This tutorial will discuss using the
ceil function with and without the Python math module. We’ll also look at some examples to know how they work exactly.
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Introduction to Ceil Function
math.ceil is a function that will round a given number up to the nearest integer. It works opposite of the floor function. The floor function rounds down a number to its lower nearest whole value whereas ceil function rounds a number up to its greater nearest whole value.
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Code Implementation without math module
If we don’t want to use the
math module, we can use use the code below to compute the ceil of a number.
def comp_ceil(n): return int(-1 * n // 1 * -1) n = float(input("Enter Number : ")) print(n," to ceil is ",comp_ceil(n))
The integer division
// goes to the next whole number to the left on the number line. By using
-1, I switch the direction around to get the ceiling value, then use another
*-1 to return to the original sign.
Let’s look at the output of code for both positive and negative numbers.
Enter Number: 5.8 5.8 to ceil is 6
Enter Number: -4.8 -4.8 to ceil is -4
Code Implementation of Ceil using math module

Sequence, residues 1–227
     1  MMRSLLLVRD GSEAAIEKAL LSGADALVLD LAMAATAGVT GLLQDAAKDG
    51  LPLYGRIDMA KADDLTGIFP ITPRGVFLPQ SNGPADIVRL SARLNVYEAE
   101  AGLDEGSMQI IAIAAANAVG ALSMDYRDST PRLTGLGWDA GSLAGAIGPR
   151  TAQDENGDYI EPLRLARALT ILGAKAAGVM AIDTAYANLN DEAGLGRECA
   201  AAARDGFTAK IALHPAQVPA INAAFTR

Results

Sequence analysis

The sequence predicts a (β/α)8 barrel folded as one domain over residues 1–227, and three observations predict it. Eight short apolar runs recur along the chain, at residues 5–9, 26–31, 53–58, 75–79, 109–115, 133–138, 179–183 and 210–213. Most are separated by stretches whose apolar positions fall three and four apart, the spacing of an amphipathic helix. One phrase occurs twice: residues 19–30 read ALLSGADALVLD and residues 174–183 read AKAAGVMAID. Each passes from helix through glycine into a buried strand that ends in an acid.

math module comes with the ceil function which can help to calculate the ceil of a number. The
math.ceil function takes in one parameter (the number whose ceil value is required). On the first line, we import the math library, and then we take the number from the user in the variable
n. Then, we use
math.ceil function to round down the variable, n to its nearest whole number.
Look at the code snippet below.
import math n = float(input("Enter Number : ")) print(n," to ceil is ",math.ceil(n))
Below is a sample output of the code above.
Enter Number : 3.9 3.9 to ceil is 4
Let’s look at how the code works for the negative values below.
Enter Number : -5.9 -5.9 to ceil is -5
The Python ceil method allows you round a number down to its nearest whole integer. This tutorial discussed using both the math function with and without the math module.
Thank you for reading!
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